Be Kind, Rewind
Shadows (imdb) – John Cassavetes’ first film, and often hailed as the beginning of American independent film. Touches on show business, youth, and sibling rivalry, but the tough look at 1960s racial issues is the most interesting aspect.
In Bruges (imdb) – I expected a comic action film, and it is that sometimes, but it’s also got a huge dose of thoughtful philosophy in there, as two hitmen go to Bruges (read: Purgatory) to wait out a botched job.


Hannah Takes the Stairs
Lacombe, Lucien (imdb) – A young German boy falls into working with the Nazis during WWII, but finds his loyalties divided when he befriends a Jewish family – and falls in love with the family’s daughter. It’s a big tough at first to relate to the implacable boy, but there’s more here than meets the eye.
The Seventh Victim (imdb) – Val Lewton, occultism, missing sisters, overall creepiness – what more do you want?

Made in USA

Made in USA
The Blue Angel
Lola Montes (imdb) – Max Ophuls’ only widescreen, color feature about the rise and fall of a the title character in the courts of Europe is sumptuous, but a little distancing. Perhaps purposefully.
The Adventures of Priscilla, Queen of the Desert
Mickey One
Michael Clayton
The Cool World (imdb) – Another early independent film, this is the story of a young Harlem boy who thinks everything in his life would be better if he just had a gun, and thus some power and authority. Hard to see due to rights issues, so if you get the chance, jump on it.
I Am Legend
Bottle Rocket
Ghost Ship



Vanity Fair by William Makepeace Thackeray
The Portrait of a Lady by Henry James – First thing I’ve read by James, and I was highly impressed. His mastery of depicting the interior life is a great foreshadowing of Modernism.
Watchmen by Alan Moore and Dave Gibbons – Proof that graphic novels can be just as complex and well-written as traditional novels.
The Sun Also Rises by Ernest Hemingway – The basis for my current revaluation of Hemingway, who I used to not like. But this one is great.
The Woman in White by Wilkie Collins – A Victorian mystery, and with my general dislike of Victorian lit, I was shocked at how much I liked it. It’s perfectly written, and so much more than *just* a mystery.
Gaudy Night by Dorothy L. Sayers – Similarly here, as this is technically a Lord Peter Wimsey mystery, but the mystery is almost secondary to Sayers’ exploration of life at an Oxford women’s college, with side notes on feminism, class, and academia.


Good Night Mr. Holmes by Carol Nelson Douglas – Douglas rewrites Sherlock Holmes from a woman’s point of view, making Irene Adler, the only person to outwit Holmes (in A Scandal in Bohemia), the heroine.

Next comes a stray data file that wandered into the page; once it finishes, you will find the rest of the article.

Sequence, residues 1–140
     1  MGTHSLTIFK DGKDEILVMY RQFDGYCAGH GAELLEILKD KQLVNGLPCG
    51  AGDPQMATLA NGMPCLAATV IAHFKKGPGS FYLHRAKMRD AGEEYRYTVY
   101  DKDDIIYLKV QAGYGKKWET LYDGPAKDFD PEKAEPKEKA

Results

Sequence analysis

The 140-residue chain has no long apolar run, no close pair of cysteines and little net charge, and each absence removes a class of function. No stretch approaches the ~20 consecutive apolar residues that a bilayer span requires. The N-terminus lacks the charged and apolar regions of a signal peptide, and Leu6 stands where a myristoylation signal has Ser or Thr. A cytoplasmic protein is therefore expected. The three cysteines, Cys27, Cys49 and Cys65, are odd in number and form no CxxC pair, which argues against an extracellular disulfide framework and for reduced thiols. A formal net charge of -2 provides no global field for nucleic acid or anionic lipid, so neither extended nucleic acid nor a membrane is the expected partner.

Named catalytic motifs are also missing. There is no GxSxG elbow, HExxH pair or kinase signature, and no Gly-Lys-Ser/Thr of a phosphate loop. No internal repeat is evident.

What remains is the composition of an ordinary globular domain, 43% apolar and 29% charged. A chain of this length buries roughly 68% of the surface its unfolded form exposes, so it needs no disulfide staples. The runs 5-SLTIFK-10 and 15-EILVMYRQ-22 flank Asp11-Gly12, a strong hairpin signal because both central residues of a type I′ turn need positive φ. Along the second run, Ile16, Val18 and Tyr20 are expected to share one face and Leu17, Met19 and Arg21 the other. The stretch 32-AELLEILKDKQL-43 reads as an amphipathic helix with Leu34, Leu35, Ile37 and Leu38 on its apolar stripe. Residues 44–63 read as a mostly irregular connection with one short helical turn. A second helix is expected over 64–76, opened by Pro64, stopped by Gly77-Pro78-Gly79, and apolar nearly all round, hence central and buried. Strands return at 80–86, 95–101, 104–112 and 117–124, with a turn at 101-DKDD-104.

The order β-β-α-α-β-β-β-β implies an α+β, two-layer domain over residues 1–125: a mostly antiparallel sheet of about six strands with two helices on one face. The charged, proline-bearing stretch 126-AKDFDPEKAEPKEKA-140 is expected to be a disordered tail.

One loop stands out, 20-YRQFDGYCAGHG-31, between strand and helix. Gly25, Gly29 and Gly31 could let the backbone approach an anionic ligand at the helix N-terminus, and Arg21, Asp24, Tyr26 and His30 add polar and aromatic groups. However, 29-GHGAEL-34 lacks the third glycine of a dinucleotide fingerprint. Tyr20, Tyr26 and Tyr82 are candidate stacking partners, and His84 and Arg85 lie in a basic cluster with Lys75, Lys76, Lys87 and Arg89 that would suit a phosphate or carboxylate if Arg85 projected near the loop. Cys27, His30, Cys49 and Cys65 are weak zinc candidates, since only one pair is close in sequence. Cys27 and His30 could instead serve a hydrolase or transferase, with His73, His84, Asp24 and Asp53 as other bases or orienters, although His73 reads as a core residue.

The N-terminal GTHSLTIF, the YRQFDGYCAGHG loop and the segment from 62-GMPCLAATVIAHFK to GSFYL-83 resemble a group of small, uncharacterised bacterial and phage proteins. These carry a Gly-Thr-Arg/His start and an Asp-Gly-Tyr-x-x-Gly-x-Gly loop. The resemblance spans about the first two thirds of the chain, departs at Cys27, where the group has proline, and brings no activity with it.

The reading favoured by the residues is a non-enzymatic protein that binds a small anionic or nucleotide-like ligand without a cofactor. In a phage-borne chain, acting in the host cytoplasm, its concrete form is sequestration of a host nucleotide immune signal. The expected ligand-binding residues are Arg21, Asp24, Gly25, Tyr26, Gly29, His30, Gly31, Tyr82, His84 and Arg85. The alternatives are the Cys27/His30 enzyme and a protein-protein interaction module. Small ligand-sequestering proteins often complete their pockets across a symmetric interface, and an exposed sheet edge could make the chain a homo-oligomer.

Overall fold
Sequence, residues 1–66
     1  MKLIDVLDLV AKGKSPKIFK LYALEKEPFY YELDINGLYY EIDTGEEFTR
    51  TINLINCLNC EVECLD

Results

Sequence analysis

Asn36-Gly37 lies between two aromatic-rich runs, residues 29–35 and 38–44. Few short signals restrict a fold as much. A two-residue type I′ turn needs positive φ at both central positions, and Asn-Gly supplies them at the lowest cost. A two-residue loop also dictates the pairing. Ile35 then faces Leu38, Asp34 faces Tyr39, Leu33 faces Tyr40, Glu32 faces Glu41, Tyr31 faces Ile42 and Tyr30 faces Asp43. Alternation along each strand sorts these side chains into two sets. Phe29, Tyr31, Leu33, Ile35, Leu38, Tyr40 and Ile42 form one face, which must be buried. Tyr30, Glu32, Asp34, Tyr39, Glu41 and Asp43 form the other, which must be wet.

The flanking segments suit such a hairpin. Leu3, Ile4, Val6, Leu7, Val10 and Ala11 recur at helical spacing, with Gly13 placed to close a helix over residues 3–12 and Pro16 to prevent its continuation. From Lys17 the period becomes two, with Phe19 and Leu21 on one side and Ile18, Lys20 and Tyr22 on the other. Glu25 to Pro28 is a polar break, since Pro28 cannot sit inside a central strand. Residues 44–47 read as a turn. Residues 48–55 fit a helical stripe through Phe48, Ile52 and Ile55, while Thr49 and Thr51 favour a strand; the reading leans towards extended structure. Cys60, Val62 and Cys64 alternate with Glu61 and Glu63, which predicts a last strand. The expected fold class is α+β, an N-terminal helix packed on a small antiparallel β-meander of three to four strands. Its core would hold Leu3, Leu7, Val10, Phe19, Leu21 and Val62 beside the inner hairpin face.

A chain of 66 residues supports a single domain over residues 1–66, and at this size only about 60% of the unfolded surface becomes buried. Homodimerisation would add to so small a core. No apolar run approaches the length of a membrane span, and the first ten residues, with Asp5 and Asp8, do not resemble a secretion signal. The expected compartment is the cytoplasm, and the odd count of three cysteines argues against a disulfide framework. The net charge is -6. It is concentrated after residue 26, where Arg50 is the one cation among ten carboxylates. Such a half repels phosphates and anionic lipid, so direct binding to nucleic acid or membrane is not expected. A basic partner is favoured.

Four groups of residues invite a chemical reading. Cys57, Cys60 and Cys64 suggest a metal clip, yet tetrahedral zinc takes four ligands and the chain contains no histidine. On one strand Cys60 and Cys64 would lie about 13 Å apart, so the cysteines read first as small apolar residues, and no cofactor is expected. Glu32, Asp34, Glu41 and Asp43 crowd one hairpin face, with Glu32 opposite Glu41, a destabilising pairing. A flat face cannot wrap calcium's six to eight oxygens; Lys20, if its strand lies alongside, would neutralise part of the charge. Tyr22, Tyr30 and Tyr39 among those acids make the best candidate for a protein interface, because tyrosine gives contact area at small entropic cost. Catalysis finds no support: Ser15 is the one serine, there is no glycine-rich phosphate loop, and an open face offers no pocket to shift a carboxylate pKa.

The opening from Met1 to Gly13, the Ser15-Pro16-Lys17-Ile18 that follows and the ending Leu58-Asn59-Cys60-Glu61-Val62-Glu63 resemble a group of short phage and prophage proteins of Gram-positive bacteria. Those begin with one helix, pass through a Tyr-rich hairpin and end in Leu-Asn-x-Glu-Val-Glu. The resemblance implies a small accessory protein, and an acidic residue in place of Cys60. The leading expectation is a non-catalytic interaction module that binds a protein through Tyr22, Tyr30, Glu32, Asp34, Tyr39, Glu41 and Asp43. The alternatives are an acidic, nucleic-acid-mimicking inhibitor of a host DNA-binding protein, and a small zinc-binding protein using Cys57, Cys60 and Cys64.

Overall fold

Alias Grace Margaret Atwood – Grace is a convicted murderess, shuttled between prison and mental institution; she tells her story to a sympathetic doctor who hopes to absolve her. But the truth of the matter is elusive, even to the reader.
Bleak House by Charles Dickens
Things Fall Apart by Chinua Ichebe – A leader in an African tribe struggles with pride and the conflict between tribal customs and the incoming Christian missionaries. Achebe is known for being among the first to bring a truly African voice into English-language literature, and his minimalist style suits the story perfectly.
Spook Country by William Gibson


With music it’s more “these are what I’ve been listening to the most in 2008.” Although I think I did acquire all of these albums in 2008, even though several of them are from earlier. All 2006-2008, though, I think. I linked Music Monday or concert coverage posts where I had them; otherwise tacked on a MySpace link so you can hear them yourself.


Jenny LewisAcid Tongue
The SubmarinesHoneysuckle Weeks
BabyshamblesShotters Nation (MySpace)
Mates of StateRearrange Us
Los Campesinos!We Are Beautiful, We are Doomed / Hold On Now, Youngster
MetricLive It Out (MySpace)
Army NavyArmy Navy
Silversun PickupsCarnavas
The Apples in StereoNew Magnetic Wonder (MySpace)
Arcade FireNeon Bible (MySpace)


Fleet FoxesFleet Foxes (MySpace)
We are ScientistsBrain Thrust Mastery (MySpace)
She & HimVolume One (MySpace)
I’m From BarcelonaWho Killed Harry Houdini / Let Me Introduce My Friends (MySpace)
The RosebudsLife Like
Vampire WeekendVampire Weekend
The FratellisHere We Stand



Mass Effect
Bioshock – One of the most amazing stories and art direction in any game ever.
Bully – Like GTA, but at a boarding school. :) Not particularly innovative, but a blast to play.
Portal – The only problem with Portal is it’s too short! Fantastic puzzle game with a fun story to boot.
Fallout 3 – I’ve only played a few hours of this, but I can already tell it’s headed to the “loved” category. Looks fantastic and plays like Oblivion (aka, my fave game of all time).
Rock Band 2 – Not much different than Rock Band, but don’t fix what ain’t broken, and the improvements made are good. I just keeping coming back for more.


Fable 2 – Does a nice job of improving on the first Fable, which was already good. The difficulty’s not perfect, though – I found I got through the whole main quest with very little leveling.
Guitar Hero: World Tour – The first Guitar Hero game that remotely gives Rock Band any competition, to my mind. I actually think the gameplay is a bit better, but the overall experience was less enjoyable.
Assassin’s Creed – Climbing up every building in town and running over rooftops never got old. The gameplay here is spectacular, but it’s not one I’d ever play again. Looking forward to seeing what the sequels do with the story, though.